Jason Russell

Associate Scientist

hailing from

Dunkerton, IA

Education
  • B.A. – University of Northern Iowa – Cedar Fall, IA (2002)
  • M.A. – University of South Dakota – Vermillion, SD (2007)
  • Ph.D. – University of Wisconsin – Madison, WI (2012)

Background

I was raised in a rural Eastern Iowa community and attended the University of Northern Iowa where I first became involved in scientific research.  As an undergraduate, I worked in the lab of Professor Martin Chin where we synthesized and characterized organometallic compounds for potential use in catalysis.  After graduation, I took a job at GELITA USA (Sioux City, IA), starting as a QA/QC Technician and working my way up to Associate Scientist in the R&D/Technical Services department.  My responsibilities included assay development and technical troubleshooting, but I was also introduced to product development and was soon tasked with translating pilot-scale experiments to full production-scale manufacturing runs to produce edible, photographic, and pharmaceutical grade gelatin.  While working at GELITA, my manager encouraged me to enroll in the Master’s program in chemistry at the University of South Dakota.  I joined the lab of Professor Miles Koppang where our research focused on electrochemical approaches to detecting small molecules and characterization of ionic liquids using mass spectrometry.  I became enamored with mass spectrometry as a powerful analytical tool and decided to leave my industry position, finish my Master’s degree, and enter the chemistry Ph.D. program at the University of Wisconsin where I hoped to further my training in mass spectrometry.  I joined the lab of Professor Josh Coon and focused my graduate research on developing methodology for proteome characterization by mass spectrometry.  After earning my Ph.D., I was hired as an R&D scientist by Agilent Technologies (Madison, WI) and worked in their lab automation and mass spectrometry groups primarily engaged in product development and applications work for biomolecule characterization.  In the fall of 2016, I accepted my current position with the Morgridge Institute for Research to work with Professor Coon establish and manage the Laboratory for Biomolecular Mass Spectrometry (LBMS) to support metabolism research on the UW campus.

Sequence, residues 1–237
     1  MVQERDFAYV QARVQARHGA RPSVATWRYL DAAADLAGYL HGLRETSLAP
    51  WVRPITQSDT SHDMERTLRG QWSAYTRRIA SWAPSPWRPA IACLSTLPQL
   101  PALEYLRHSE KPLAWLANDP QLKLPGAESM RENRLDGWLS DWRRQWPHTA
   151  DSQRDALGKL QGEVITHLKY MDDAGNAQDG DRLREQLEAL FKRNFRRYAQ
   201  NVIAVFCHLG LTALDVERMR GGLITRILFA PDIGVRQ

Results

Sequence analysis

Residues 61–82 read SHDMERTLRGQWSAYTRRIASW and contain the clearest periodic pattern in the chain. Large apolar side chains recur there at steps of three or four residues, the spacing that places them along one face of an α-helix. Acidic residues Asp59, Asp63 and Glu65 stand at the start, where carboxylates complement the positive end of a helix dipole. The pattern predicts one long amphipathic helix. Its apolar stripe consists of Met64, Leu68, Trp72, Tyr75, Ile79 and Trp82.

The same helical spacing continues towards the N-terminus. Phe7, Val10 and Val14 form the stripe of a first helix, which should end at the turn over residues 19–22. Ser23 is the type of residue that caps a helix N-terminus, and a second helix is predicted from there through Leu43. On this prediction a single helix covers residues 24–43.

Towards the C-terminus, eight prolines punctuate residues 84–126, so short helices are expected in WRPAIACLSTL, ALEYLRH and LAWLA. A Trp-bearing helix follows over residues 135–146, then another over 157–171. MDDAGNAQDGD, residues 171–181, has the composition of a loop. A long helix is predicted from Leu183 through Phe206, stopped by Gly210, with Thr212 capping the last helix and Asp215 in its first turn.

“I became enamored with mass spectrometry as a powerful analytical tool…”

What is my role in the Coon Lab?

As the Associate Director of the LBMS, I oversee the day-to-day activities of the students and staff involved with metabolism research under the guidance of LBMS Director, Professor Coon.  I meet with collaborators to determine project feasibility, manage our portfolio of metabolomics projects, and write grant proposals and manuscripts.

Earn your Ph.D. with us

The Coon Group is always on the lookout for new members.  Professor Coon accepts students from several UW-Madison doctoral programs including Chemistry, the Integrated Program in Biochemistry (IPiB), and Cellular & Molecular Pathology.